Pittsburgh compound B

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Pittsburgh compound B
Pittsburgh compound B.png
IUPAC name
Other names
CAS number 566170-04-5 YesY
Jmol-3D images Image
PubChem 2826731
Molar mass 256.32 g·mol−1
Except where noted otherwise, data is given for materials in their standard state (at 25 °C (77 °F), 100 kPa)
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Infobox references

Pittsburgh compound B (PiB) is a radioactive analog of thioflavin T, which can be used in positron emission tomography scans to image beta-amyloid plaques in neuronal tissue. Due to this property, Pittsburgh compound B may be used in investigational studies of Alzheimer's disease.

History of PiB[edit]

The definitive diagnosis of Alzheimer's disease can only be made following the demonstration of the presence of beta-amyloid plaques and neurofibrillary tangles, the pathologic hallmarks of Alzheimer's disease in brain tissue, typically at autopsy. While the cognitive impairments of the disease could be monitored throughout the disease course, clinicians had no reliable way to monitor the pathologic progression of the disease. Due to this fact, a clear understanding of the process of amyloid deposition and how amyloid deposits relate to the cognitive symptoms of Alzheimer's disease remains to be elucidated. While sophisticated centers for the treatment of Alzheimer's disease are able to diagnose the disease with some reliability based on its clinical presentation, the differential diagnosis of Alzheimer's disease from other dementias is less robust. Furthermore, as novel disease-modifying therapies for Alzheimer's disease that attack and remove beta-amyloid deposits from the brain enter clinical trials, a pre-mortem tool for assessing their effectiveness at clearing the amyloid deposits was a much needed development.

To answer these needs, a research team from the University of Pittsburgh led by geriatric psychiatrist William E. Klunk and radiochemist Chester A. Mathis synthesised charge neutral benzothiazoles derived from thioflavin T, which included a small number of compounds with suitable properties for use as a positron emission tomography imaging agent. One of these compounds, 2-(4'-[11]methylaminophenyl)-6-hydroxybenzothiazole, was tested in human subjects. The University of Pittsburgh team partnered with a team of researchers from Uppsala University in Uppsala, Sweden, to conduct the first trials of this new agent in human research subjects. As this was the second investigational compound of this class sent to Uppsala from the University of Pittsburgh group, it was termed simply Pittsburgh compound-B by the Swedish team, who also abbreviated it as "PiB".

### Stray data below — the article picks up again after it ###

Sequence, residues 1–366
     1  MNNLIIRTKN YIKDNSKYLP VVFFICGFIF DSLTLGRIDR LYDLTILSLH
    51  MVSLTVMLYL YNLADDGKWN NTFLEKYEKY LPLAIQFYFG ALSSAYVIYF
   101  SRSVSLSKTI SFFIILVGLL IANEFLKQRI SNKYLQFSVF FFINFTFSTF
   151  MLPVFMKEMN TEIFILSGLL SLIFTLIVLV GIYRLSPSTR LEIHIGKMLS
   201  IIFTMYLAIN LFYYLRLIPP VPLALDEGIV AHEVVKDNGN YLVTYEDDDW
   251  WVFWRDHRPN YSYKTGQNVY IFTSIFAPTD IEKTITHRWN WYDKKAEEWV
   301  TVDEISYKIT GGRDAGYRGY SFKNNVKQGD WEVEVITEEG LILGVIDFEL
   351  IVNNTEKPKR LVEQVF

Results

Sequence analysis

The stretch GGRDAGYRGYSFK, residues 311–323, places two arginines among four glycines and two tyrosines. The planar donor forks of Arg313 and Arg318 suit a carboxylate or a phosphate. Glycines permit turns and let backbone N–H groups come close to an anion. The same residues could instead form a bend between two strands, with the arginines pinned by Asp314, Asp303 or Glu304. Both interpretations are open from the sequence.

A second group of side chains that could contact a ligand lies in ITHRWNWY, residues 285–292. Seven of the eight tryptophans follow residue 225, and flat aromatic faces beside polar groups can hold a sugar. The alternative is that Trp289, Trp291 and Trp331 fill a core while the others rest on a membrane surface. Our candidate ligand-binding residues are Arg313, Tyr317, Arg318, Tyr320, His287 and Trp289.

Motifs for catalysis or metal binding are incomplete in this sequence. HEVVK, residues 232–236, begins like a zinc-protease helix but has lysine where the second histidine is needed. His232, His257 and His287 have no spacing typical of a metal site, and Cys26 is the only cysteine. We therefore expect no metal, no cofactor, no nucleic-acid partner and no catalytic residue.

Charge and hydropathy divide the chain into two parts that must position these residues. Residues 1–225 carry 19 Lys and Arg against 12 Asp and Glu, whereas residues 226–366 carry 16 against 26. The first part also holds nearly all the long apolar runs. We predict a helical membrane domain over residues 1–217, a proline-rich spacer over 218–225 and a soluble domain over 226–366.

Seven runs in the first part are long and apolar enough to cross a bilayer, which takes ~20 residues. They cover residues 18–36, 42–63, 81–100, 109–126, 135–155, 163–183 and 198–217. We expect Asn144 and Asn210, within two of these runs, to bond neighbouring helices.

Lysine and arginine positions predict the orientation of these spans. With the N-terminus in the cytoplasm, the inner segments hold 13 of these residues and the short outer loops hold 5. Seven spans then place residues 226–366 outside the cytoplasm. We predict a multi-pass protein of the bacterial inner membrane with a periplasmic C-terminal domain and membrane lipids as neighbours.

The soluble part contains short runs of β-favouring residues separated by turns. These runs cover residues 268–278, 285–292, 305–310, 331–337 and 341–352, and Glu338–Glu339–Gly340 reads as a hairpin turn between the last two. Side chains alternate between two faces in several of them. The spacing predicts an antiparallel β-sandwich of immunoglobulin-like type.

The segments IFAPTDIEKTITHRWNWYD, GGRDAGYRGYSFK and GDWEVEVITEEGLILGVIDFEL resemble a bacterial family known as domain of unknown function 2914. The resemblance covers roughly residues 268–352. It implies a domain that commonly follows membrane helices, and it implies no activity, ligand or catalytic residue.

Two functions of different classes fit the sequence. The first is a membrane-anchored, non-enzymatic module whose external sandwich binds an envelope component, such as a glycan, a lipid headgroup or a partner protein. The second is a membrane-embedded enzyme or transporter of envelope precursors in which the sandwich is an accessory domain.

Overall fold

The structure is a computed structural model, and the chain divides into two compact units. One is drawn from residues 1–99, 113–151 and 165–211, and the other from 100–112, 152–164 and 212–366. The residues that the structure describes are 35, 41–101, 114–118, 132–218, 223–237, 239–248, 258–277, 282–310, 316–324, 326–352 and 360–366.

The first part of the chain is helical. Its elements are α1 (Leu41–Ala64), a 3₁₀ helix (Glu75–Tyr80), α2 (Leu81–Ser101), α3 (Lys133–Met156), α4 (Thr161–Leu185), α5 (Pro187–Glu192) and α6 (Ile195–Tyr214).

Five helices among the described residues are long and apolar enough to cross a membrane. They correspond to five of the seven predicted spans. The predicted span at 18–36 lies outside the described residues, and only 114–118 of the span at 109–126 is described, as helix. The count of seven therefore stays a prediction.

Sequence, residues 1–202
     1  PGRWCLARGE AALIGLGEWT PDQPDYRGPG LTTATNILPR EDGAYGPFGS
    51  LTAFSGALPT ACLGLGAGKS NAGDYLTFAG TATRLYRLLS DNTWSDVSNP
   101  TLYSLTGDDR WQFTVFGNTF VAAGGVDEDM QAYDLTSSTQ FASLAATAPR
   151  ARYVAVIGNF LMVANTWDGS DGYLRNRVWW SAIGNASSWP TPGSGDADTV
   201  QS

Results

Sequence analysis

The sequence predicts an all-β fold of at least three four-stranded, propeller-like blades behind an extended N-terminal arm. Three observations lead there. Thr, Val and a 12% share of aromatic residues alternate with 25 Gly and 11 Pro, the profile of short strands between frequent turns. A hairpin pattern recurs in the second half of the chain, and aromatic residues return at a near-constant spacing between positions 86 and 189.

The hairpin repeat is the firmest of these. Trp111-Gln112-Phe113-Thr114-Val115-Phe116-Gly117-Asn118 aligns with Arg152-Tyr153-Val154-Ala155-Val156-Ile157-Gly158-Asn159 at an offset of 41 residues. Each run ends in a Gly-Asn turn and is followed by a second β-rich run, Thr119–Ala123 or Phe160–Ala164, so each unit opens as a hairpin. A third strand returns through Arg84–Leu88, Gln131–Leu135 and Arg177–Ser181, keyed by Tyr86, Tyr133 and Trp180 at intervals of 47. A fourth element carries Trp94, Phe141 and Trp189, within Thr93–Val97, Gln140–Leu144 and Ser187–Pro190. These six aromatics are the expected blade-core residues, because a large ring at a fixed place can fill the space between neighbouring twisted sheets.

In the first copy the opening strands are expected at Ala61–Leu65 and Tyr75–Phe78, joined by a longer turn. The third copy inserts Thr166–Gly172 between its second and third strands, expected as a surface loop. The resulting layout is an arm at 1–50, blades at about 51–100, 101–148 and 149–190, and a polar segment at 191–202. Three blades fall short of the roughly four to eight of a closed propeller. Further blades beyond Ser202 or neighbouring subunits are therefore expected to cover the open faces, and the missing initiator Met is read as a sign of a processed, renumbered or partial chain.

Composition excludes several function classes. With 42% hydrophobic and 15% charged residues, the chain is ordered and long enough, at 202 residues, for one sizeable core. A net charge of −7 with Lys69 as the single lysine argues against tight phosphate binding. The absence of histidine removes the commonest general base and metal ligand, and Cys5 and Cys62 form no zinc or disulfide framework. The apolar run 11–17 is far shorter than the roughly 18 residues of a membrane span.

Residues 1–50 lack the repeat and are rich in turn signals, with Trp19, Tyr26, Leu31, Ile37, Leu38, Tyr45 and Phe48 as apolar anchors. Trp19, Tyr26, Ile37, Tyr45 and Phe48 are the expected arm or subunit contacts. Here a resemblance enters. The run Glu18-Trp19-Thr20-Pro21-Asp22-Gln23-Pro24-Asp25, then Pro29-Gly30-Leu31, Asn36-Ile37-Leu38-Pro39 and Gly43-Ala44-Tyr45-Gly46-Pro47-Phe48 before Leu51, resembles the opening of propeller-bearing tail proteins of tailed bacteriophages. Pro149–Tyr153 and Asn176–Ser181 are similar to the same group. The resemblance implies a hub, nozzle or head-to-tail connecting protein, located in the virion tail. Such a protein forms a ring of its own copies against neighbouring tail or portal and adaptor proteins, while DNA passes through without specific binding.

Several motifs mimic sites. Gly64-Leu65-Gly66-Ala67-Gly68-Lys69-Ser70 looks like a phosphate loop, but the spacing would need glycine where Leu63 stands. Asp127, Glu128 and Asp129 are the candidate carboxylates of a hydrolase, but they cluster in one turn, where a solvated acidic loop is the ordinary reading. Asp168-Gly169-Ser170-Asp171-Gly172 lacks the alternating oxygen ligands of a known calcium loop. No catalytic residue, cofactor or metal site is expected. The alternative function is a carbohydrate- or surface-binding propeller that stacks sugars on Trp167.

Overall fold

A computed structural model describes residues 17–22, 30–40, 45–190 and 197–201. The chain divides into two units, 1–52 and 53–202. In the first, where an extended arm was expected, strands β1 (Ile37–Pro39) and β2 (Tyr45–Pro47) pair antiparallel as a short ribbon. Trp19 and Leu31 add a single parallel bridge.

Image showing large areas of red and yellow in the "AD" brain on the left and no apparent red or yellow in the "Control" brain on the right.
This image shows a PiB-PET scan of a patient with Alzheimer's disease on the left and an elderly person with normal memory on the right. Areas of red and yellow show high concentrations of PiB in the brain and suggest high amounts of amyloid deposits in these areas.

The first PiB study of a human subject with a clinical diagnosis of Alzheimer's disease was conducted by Henry Engler in February, 2002, at Uppsala University. PET scans showed that the compound was retained in areas of the cerebral cortex known to contain significant amyloid deposits from post-mortem examinations. The initial human study of PiB was expanded to include 16 Alzheimer's disease subjects and 9 cognitively normal controls, the report of which was published in 2004 in the Annals of Neurology.[1]

Since that initial study, PiB has been adopted as a research tool by dozens of research institutions around the world. PiB and other compounds in its class are protected under US 7270800 , issued Sept. 18, 2007, which is presently assigned to the University of Pittsburgh. The technology is under license to GE Healthcare, a subsidiary of General Electric, who is pursuing the development of a clinical diagnostic agent based on PiB for assessing brain amyloidosis.

Published clinical research studies using PiB[edit]

Year Title Summary Authors Journal
2004 Imaging brain amyloid in Alzheimer's disease with Pittsburgh Compound-B Retention of [C-11]PiB shown to be approximately 2-fold greater in cortical areas of AD subjects relative to controls. Pattern of retention mirrors the pattern of amyloid deposition known from post-mortem studies. Klunk, W.E., H. Engler, A. Nordberg, Y. Wang, G. Blomqvist, D.P. Holt, M. Bergstrom, I. Savitcheva, G.F. Huang, S. Estrada, B. Ausen, M.L. Debnath, J. Barletta, J.C. Price, J. Sandell, B.J. Lopresti, A. Wall, P. Koivisto, G. Antoni, C.A. Mathis, and B. Langstrom Ann Neurol 55:306-19
2005 Kinetic modeling of amyloid binding in humans using PET imaging and Pittsburgh Compound-B. Metholodogy paper describing appropriate methods for the quantification of PiB brain scans. First report using PiB in subjects categorized with mild cognitive impairment (MCI). Price, J.C., W.E. Klunk, B.J. Lopresti, X. Lu, J.A. Hoge, S.K. Ziolko, D.P. Holt, C.C. Meltzer, S.T. DeKosky, and C.A. Mathis J Cereb Blood Flow Metab 25: 1528-1547


  1. ^ Klunk, W.E., et al., Imaging brain amyloid in Alzheimer's disease with Pittsburgh Compound-B.[see comment]. Annals of Neurology, 2004. 55(3): p. 306-19.

Further reading[edit]

  • Puchtler et al., J. Histochem. Cytochem. 10: 35 (1962). Brain amyloid can be shown by staining brain sections with thioflavin S or Congo red.
  • Morgan et al. Environmental Health Perspectives, 102 (supp.) 2: 63-78, (1994). Some azo dyes such as Congo red, may be carcinogenic.
  • Cemiglia et al., Biochem. Biophys. Res. Com., 107: 1224-1229, (1982). Intestinal bacteria convert Congo red to carcinogenic free amine.